Baltimore’s World Series dreams officially died with Edwin Encarnacion’s mammoth walk-off home run. The cause of death is clear: blunt force trauma to the baseball. It’s the why that will haunt Orioles fans.
Why was the ball in Ubaldo Jimenez’s possession when Zach Britton, perhaps the most effective arm in all of baseball, watched from afar in the comfort of a single-wear hoodie? How does Buck Showalter leave his largest-caliber bullet in the chamber with so much on the line?
One does not need Showalter’s baseball acumen to understand the basic premise of going down swinging with your best players. His inability to get Britton into the game was a mistake so glaring many thought there must be some previously undisclosed injury nagging the southpaw closer.
But that doesn’t appear to be the case. Both Britton and Showalter dismissed the notion postgame. The man with the golden sinker was chomping at the bit, ready to go.
The damning truth is that Britton was able to help his team. Showalter simply never gave him the opportunity despite repeated chances to do so.
Not in the ninth, when Toronto put men on first and second with no outs before a strikeout and double play bailed out the O’s. Not in the 10th and not in the 11th, even after the Blue Jays rapped out two base-hits to put the game-winning (and season-ending) run 90 feet from home plate.
Showalter’s explanation, simplified, is that he was saving Britton for later. Instead of pressing the right and obvious button, he chose to keep touching a warming stove until it was hot enough to burn his hand.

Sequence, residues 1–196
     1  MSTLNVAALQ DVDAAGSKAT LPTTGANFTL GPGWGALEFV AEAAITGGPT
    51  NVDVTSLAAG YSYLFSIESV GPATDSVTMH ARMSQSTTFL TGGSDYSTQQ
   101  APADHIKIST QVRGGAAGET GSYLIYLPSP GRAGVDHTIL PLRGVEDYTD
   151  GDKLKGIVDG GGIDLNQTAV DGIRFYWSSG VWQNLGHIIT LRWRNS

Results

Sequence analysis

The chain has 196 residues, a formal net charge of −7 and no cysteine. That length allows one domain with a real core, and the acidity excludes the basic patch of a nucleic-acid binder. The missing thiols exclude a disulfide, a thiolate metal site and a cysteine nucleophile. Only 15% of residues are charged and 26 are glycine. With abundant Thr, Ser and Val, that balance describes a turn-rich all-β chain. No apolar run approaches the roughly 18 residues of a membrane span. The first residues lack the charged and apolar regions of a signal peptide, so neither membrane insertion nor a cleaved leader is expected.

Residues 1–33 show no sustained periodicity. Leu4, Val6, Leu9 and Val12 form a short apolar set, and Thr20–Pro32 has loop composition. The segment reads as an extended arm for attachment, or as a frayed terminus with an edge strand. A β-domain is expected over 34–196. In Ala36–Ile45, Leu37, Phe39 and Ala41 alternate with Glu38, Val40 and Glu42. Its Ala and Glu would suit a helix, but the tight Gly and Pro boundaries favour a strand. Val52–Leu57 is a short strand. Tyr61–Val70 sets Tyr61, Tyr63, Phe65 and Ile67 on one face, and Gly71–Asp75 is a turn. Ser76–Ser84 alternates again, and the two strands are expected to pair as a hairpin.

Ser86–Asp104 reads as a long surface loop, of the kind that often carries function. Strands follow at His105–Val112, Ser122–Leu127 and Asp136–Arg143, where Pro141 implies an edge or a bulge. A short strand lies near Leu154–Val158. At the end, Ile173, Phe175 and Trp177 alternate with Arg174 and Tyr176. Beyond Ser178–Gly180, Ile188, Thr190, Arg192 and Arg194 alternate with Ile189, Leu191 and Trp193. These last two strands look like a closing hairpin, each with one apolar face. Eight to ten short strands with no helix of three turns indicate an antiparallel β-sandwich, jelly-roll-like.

“Sure, (using Britton) crosses your mind from about the sixth inning on. So there’s a bunch of decisions to make there during the course of the game. Our pitchers pitched real well the whole game to hold that club to two runs at that point. You could make a case, probably other than Zach, Ubaldo is pitching better than anybody we’ve had for the last six or seven starts. Those are a lot of tough decisions, but we’re maybe a little different if you’re playing at home.”
To be fair, Jimenez has pitched well of late. He’d also made just 7 of his 299 Major League appearances before last night out of the bullpen. Britton, on the other hand, had allowed one earned run since April 30. No one on any planet has been pitching better than Britton — not even a man with a 5.44 ERA operating in a foreign spot.
In the immediate aftermath, Showalter stood by his decision.
“I liked the job that Darren could do,” Showalter said. “I liked the job that Brad could do. I liked the job that Mychal could do. I liked the job that Duensing could do. Nobody has been pitching better for us than Ubaldo, too, so there are a lot of different ways to look at it.
“That’s the way we went. It didn’t work out. It has nothing to do with ‘philosophical.'”
With the world watching, Baltimore’s manager zigged when everyone thought he should zag. It’s not entirely surprising to see him defend the zig with fatalism. Such a statement papers over the fact he had ability to change that fate by doing the obvious and going with Britton.
Showalter did not break the emergency glass as the fire raged around him. He didn’t want to use the extinguisher to fight the present disaster at the expense of a potential future one.
He didn’t just burn himself. He burned his team and a fanbase. The resulting scars won’t soon heal.